The memoir is often thrilling, insightful, and beautiful--all the things you'd expect from Salman Rushdie. He is at his best considering the implications of the fatwa, and the larger questions of the artist's role of the documentarian in cultures both hostile and indifferent to art. Rushdie's thoughts on his own work, the origin and inspiration for his novels, are equally intriguing. He is less objective, of course, about his personal life and the narrative sags when he considers the emotional strains on his marriages and his pop-culture "successes" (particularly when they collide in his last marriage; and his association with the Famous Rock Band).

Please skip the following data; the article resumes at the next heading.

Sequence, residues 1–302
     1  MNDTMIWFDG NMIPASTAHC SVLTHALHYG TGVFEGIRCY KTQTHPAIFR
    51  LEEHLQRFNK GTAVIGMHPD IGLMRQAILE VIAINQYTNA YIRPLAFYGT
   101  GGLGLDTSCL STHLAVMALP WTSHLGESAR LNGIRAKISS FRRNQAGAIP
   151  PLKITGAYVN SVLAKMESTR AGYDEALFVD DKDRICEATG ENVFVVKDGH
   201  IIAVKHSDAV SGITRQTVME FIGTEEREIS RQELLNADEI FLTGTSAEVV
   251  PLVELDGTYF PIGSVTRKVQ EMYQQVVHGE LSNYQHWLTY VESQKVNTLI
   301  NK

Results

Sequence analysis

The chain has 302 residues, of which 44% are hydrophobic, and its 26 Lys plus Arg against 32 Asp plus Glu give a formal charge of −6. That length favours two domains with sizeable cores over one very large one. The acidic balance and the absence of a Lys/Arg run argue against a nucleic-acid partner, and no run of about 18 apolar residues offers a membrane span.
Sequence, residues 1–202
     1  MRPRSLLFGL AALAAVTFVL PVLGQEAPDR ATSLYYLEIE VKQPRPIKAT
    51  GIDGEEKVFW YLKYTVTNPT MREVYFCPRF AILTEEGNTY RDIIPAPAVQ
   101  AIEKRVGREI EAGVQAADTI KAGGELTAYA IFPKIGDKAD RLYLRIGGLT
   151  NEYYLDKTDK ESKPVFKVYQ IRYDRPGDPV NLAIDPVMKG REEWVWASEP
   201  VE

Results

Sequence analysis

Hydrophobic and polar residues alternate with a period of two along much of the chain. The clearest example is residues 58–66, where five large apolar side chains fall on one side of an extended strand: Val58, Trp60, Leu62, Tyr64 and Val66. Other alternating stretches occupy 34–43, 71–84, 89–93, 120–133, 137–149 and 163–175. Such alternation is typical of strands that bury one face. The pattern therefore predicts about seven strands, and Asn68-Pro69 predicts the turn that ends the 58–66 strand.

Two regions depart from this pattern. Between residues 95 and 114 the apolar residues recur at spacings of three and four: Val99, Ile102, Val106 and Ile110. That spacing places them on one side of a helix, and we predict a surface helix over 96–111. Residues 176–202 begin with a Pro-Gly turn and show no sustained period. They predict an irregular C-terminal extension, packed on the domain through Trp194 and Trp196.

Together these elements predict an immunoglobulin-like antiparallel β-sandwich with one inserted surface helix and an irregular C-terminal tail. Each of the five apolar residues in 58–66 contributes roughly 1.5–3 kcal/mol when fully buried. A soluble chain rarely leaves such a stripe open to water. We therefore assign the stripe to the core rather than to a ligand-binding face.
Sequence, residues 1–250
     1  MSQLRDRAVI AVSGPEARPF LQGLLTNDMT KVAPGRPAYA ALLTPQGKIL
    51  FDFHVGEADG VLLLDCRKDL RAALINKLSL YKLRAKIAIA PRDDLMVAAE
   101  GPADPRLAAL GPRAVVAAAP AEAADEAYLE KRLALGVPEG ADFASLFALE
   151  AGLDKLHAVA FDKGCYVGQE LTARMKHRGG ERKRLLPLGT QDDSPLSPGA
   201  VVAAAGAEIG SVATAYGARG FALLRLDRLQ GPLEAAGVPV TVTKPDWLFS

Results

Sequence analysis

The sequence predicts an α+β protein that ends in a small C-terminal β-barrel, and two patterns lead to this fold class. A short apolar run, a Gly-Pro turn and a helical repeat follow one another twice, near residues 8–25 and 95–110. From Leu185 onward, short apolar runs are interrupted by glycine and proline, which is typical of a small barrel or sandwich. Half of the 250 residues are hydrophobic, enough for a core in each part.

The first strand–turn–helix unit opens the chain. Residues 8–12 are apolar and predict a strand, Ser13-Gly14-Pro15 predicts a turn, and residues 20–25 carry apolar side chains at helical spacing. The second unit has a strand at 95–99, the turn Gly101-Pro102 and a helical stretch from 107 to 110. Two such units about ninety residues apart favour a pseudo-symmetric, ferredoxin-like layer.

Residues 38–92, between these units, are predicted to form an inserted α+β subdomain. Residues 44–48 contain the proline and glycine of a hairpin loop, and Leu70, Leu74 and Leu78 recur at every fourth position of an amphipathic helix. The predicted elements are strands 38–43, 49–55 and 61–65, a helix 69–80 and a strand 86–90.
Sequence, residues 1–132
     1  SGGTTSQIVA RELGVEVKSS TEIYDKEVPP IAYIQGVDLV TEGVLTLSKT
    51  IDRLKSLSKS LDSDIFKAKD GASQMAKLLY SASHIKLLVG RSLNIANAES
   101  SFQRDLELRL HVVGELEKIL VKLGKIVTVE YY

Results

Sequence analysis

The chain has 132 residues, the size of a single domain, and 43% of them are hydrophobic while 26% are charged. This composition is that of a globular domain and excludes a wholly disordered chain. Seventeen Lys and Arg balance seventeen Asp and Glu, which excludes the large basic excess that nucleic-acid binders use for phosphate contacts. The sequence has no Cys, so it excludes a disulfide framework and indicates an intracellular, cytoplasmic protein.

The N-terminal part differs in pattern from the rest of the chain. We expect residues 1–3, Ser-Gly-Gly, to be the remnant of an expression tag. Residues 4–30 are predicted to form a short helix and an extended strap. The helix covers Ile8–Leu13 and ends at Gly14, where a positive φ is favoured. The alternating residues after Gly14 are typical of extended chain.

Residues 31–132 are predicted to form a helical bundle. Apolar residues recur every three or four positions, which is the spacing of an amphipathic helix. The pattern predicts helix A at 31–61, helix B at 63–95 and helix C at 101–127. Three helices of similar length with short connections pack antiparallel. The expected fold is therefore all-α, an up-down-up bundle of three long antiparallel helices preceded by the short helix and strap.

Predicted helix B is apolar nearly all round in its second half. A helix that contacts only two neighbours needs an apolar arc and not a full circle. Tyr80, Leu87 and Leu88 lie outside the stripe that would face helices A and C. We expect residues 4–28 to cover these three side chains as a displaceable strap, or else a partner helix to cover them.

The narrator of this audiobook, when performing the "dialogue" of American "characters," affected such a strange "accent"- - snide parody - - not at all what I experienced on the page when reading and not listening. Was this an actor's choice? Director's? Did this audiobook have a director? In any case, it snapped me out of the dream of this memorable and fascinating story each time the narrator switch from his sophisticated, Euro-Indian accent to the "Valley Girl/hillbilly" American grunt.
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